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Friday, September 5, 2014
How Leaders Can Keep "No" From Being a Buzz Kill
How do you keep people engaged after telling them “no”?
That’s often a question with which leaders wrestle, knowing that saying “no” can be demoralizing, and even push employees to start looking for another position if it happens too often.
But leadership and engagement experts say that it’s critical that managers learn to handle such an issue. Without a solution, they may find that a team becomes uninterested in coming up with creative, innovative or workable solutions that are critical to business survival in today’s competitive environment.
“I do believe that within every ‘no’ is a portal to another ‘yes,’” says Rosa Say, a workplace culture coach and founder of Say Leadership Coaching. “We can think of that ‘no’ as ‘not now, maybe later’ and that ‘yes’ possibility as our next step instead, while our original thought gains more traction should it still prove itself useful, relevant or necessary later on.”
Phil Gerbyshak, CEO at Social Media Coach, says that the easiest way to keep a team engaged after turning them down on a project or idea is to “continue to add value to their lives.”
For example, you may be able to make a meaningful connection for them, share a good resource or ask if there “are other things you can do to help them,” he says. “As long as ‘no’ doesn’t mean ‘never.’ That’s how I keep people engaged after telling them ‘no.’”
David Zinger, founder and host of Global Employee Engagement Network and president of David Zinger Associates, says that he believes “it is less about keeping people engaged and more about inviting engagement.”
“I would hope the employee was invited into the ‘no’ by being in the know. The ‘no’ is less about the content and more about the intent,” he says. “Is the ‘no’ final and fatal – or temporary feedback about a current state that can change? Do we help employees develop growth rather than fixed mindsets so that the ‘no’ is experienced as a step of growth rather than a pit of failure?”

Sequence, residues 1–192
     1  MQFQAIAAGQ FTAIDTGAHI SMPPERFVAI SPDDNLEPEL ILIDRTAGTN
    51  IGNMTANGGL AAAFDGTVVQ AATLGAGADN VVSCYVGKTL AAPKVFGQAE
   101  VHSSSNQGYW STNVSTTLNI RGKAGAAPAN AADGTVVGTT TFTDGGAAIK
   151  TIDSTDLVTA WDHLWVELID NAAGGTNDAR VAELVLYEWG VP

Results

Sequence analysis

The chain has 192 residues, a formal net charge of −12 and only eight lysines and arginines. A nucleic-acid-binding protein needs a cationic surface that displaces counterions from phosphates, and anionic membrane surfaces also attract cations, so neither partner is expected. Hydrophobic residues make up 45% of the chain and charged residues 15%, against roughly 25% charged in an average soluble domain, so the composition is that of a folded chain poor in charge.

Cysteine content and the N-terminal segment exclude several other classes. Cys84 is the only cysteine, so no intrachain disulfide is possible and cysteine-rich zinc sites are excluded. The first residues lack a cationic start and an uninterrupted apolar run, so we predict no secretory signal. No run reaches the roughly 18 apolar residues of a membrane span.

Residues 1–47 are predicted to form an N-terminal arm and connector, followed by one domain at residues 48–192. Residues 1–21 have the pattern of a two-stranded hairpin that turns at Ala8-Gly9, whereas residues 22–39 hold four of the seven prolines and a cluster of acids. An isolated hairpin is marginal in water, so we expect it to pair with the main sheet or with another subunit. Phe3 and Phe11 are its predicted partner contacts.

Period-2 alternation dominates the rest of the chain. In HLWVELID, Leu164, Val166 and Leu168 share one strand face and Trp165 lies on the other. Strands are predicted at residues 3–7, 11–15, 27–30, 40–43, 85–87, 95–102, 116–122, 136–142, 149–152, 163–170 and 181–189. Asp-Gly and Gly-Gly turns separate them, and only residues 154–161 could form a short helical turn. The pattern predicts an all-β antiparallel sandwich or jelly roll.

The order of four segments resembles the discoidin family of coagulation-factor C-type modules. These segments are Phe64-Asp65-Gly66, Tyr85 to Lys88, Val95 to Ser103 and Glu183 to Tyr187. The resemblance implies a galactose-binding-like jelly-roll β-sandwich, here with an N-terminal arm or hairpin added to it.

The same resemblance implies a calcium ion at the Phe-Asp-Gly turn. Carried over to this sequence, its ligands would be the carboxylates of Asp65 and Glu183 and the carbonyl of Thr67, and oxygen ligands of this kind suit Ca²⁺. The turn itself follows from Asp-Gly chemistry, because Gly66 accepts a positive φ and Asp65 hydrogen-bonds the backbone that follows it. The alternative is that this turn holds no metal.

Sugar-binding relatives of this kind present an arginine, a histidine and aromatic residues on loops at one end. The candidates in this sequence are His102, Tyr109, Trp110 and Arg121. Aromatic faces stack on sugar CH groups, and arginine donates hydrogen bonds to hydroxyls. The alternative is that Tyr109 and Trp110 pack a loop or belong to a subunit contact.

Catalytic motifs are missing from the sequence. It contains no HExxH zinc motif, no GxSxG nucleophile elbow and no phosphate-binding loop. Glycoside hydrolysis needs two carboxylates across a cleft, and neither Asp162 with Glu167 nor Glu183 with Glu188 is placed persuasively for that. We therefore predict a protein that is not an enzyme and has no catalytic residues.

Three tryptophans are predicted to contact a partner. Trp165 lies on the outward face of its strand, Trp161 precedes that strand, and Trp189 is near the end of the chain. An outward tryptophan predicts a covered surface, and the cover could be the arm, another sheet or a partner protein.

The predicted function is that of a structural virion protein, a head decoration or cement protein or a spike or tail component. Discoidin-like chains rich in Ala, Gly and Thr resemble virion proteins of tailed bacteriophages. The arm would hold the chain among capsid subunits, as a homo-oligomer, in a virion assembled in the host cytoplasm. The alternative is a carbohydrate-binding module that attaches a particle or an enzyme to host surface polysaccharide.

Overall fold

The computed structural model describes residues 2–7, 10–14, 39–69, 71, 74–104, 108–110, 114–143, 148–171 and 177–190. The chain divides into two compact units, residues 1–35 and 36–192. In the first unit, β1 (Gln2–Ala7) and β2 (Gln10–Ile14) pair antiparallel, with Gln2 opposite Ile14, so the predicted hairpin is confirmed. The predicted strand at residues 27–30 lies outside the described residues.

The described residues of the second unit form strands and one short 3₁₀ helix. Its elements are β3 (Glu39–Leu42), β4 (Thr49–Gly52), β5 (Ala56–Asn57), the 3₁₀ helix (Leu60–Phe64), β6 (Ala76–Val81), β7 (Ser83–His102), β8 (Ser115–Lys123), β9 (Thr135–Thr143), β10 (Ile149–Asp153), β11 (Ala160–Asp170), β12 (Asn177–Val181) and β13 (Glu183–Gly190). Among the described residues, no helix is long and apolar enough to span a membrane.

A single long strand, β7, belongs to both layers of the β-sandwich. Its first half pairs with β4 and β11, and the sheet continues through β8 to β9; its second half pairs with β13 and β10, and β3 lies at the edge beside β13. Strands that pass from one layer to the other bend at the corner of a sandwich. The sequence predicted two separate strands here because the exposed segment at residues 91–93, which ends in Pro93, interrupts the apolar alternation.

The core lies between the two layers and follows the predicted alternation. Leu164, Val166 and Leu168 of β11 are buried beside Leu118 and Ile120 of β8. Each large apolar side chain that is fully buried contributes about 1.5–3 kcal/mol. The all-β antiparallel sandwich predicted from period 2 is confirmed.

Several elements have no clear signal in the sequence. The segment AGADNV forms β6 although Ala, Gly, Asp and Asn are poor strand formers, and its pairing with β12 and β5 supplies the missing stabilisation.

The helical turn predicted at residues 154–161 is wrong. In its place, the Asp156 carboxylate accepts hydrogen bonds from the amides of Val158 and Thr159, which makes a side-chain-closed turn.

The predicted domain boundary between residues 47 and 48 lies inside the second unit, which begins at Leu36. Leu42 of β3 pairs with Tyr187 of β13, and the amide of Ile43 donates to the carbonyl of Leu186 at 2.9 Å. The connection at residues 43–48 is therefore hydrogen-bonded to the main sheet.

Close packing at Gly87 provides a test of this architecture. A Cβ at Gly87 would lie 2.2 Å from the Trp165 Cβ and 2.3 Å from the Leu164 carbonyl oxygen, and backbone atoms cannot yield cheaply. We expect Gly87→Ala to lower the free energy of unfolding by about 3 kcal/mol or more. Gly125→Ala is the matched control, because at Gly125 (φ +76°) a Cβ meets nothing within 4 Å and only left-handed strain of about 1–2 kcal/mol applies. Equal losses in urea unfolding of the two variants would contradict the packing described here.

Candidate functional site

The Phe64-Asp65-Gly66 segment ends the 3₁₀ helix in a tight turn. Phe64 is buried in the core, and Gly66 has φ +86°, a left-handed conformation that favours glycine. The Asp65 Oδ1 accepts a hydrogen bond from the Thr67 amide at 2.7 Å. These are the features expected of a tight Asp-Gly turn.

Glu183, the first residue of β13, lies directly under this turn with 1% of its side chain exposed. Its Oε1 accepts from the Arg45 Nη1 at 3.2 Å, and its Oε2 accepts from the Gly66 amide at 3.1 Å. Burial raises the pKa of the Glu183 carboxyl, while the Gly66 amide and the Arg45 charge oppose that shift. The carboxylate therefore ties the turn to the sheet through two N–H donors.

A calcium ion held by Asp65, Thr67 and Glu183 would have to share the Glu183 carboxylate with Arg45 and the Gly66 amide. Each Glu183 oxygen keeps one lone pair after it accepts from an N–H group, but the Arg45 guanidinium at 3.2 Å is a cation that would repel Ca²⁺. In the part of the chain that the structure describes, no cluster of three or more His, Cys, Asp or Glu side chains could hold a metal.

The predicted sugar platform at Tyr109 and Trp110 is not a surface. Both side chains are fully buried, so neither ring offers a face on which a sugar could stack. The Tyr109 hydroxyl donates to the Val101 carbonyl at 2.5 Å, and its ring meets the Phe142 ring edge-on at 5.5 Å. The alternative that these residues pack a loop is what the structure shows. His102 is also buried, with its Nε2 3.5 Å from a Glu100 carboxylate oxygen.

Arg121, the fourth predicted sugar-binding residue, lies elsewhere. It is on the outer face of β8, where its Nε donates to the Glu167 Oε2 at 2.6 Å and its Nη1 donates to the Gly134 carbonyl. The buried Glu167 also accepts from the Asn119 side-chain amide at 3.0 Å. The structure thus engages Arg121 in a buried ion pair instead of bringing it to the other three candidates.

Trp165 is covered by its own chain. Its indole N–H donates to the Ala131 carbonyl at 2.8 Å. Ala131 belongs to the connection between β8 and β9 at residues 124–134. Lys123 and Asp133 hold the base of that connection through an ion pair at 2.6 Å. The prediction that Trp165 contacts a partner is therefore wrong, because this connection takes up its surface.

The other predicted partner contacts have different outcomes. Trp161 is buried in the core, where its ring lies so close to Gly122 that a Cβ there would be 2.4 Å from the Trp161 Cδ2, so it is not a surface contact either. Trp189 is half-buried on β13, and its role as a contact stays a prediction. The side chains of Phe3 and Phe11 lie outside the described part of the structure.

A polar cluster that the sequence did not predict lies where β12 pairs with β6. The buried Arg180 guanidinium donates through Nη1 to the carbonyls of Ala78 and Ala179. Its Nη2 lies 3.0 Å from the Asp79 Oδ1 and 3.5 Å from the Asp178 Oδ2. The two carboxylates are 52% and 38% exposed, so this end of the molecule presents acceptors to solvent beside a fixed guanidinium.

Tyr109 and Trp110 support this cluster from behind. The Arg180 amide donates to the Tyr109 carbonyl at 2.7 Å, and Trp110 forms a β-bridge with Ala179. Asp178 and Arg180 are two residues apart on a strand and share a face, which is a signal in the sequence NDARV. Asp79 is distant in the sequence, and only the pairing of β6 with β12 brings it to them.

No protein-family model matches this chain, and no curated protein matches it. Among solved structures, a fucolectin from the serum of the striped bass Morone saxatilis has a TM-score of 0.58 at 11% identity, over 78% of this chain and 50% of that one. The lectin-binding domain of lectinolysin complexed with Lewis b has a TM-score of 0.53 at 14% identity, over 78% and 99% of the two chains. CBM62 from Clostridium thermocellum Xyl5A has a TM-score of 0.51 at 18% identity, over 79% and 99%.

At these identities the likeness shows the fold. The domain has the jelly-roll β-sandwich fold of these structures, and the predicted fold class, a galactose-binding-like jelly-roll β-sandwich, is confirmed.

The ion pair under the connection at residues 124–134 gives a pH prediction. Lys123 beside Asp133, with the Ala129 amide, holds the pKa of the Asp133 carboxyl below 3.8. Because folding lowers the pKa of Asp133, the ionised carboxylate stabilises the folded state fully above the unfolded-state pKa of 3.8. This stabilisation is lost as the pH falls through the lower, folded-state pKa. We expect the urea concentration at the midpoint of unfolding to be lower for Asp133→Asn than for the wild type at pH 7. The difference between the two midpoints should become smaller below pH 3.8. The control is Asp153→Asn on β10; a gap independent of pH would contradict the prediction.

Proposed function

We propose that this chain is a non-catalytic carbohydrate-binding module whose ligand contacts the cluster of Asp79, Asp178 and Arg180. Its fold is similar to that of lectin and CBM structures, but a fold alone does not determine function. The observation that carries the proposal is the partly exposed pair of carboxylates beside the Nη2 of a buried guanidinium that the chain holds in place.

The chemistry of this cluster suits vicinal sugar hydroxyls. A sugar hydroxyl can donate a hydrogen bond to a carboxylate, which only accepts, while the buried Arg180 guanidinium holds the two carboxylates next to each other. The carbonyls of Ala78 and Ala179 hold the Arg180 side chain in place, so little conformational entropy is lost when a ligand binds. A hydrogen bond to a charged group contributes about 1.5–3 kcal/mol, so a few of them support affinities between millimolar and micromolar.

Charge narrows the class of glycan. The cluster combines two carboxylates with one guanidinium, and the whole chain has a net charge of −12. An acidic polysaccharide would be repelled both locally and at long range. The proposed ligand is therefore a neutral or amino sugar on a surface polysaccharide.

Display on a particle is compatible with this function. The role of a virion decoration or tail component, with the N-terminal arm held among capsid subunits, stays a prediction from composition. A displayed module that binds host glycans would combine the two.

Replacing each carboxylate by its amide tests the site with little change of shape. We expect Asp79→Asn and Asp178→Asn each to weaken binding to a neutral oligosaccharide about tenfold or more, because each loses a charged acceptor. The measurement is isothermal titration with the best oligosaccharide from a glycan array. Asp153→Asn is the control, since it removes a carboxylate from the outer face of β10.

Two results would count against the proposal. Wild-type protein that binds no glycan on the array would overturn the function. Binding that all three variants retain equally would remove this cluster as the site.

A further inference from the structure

Zinger explains that if an employee is not given a promotion, for example, then “hopefully there is an explanation combined with an invitation to what the employee can do in their future to achieve the ‘yes’ they are looking for. “
Part of the problem with employee engagement is that managers often find themselves saying ‘no’ to ideas because they aren’t directly related to a company’s strategy or culture. For example, a recent Accenture study finds that 85% of managers say that their workers’ ideas are targeting internal improvements instead of external improvements. But employees may not know that they’re on the wrong track if managers aren’t clearly giving them parameters about where they need to direct their energies.
That lack of communication may be behind only 20% (read more here)